Why Delaware Courts Should Abolish The Schnell Doctrine, Mary Siegel Jun 2019

Why Delaware Courts Should Abolish The Schnell Doctrine, Mary Siegel

Mary Siegel

No abstract provided.


Activist Shareholders At De Facto Controlled Companies, Gaia Balp May 2019

Activist Shareholders At De Facto Controlled Companies, Gaia Balp

Brooklyn Journal of Corporate, Financial & Commercial Law

Activist campaigns are likely to increasingly target controlled companies. Studies concerning activism at controlled companies focus on shareholder-empowering tools, such as the right to nominate and elect minority directors on the board, as a pathway for limiting the principal-principal agency problem. However, not enough attention has been paid to the distinction between de jure and de facto controlled companies. Building on a recent case concerning a leading Italian corporation, this Article analyzes the possible unexpected corporate governance consequences of successful activist intervention at de facto controlled companies, showing that, where minority shareholders are granted the right to appoint directors on ...


The Specter Of The Giant Three, Scott Hirst, Lucian Bebchuk May 2019

The Specter Of The Giant Three, Scott Hirst, Lucian Bebchuk

Faculty Scholarship

This Article examines the large, steady, and continuing growth of the Big Three index fund managers — BlackRock, Vanguard, and State Street Global Advisors. We show that there is a real prospect that index funds will continue to grow, and that voting in most significant public companies will come to be dominated by the future “Giant Three.”

We begin by analyzing the drivers of the rise of the Big Three, including the structural factors that are leading to the heavy concentration of the index funds sector. We then provide empirical evidence about the past growth and current status of the Big ...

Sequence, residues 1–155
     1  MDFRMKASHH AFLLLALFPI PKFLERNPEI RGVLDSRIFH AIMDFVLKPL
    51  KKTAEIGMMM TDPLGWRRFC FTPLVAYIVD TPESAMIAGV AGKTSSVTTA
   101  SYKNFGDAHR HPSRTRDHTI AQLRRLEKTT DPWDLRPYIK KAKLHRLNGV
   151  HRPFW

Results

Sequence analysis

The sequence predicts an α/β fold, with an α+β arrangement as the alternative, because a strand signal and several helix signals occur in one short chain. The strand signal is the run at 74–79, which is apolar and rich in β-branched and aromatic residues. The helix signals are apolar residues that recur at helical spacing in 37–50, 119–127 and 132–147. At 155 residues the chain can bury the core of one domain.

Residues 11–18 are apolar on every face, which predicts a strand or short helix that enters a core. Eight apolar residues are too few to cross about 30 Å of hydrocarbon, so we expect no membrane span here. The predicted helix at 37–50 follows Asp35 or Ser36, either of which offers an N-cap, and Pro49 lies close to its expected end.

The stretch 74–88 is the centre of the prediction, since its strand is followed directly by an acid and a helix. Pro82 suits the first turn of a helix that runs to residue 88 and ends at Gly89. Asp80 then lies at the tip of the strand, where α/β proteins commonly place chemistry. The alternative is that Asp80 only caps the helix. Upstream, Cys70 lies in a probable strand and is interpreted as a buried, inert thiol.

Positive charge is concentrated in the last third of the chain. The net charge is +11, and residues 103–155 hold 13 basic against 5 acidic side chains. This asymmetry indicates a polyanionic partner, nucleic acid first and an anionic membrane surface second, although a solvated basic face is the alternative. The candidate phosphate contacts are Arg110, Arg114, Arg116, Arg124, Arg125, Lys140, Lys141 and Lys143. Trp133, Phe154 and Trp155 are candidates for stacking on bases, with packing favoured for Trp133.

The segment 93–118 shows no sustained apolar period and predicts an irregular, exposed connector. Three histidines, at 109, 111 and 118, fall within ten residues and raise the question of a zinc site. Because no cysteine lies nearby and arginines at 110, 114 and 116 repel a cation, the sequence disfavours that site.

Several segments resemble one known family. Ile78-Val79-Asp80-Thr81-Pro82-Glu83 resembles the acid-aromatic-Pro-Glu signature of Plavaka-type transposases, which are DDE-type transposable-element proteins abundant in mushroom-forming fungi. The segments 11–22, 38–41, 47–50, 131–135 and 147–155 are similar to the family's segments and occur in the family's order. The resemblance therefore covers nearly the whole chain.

Securities Disclosure As Soundbite: The Case Of Ceo Pay Ratios, Steven A. Bank, George S. Georgiev Apr 2019

Securities Disclosure As Soundbite: The Case Of Ceo Pay Ratios, Steven A. Bank, George S. Georgiev

Boston College Law Review

This Article analyzes the history, design, and effectiveness of the highly controversial CEO pay ratio disclosure rule, which went into effect in 2018. Based on a regulatory mandate contained in the Dodd-Frank Act of 2010, the rule requires public companies to disclose the ratio between CEO pay and median worker pay as part of their annual filings with the Securities and Exchange Commission (SEC). The seven-year rulemaking process was politically contentious and generated a level of public engagement that was virtually unprecedented in the long history of the SEC disclosure regime. The SEC sought to minimize compliance costs by providing ...


Making Sustainability Disclosure Sustainable, Jill E. Fisch Apr 2019

Making Sustainability Disclosure Sustainable, Jill E. Fisch

Faculty Scholarship at Penn Law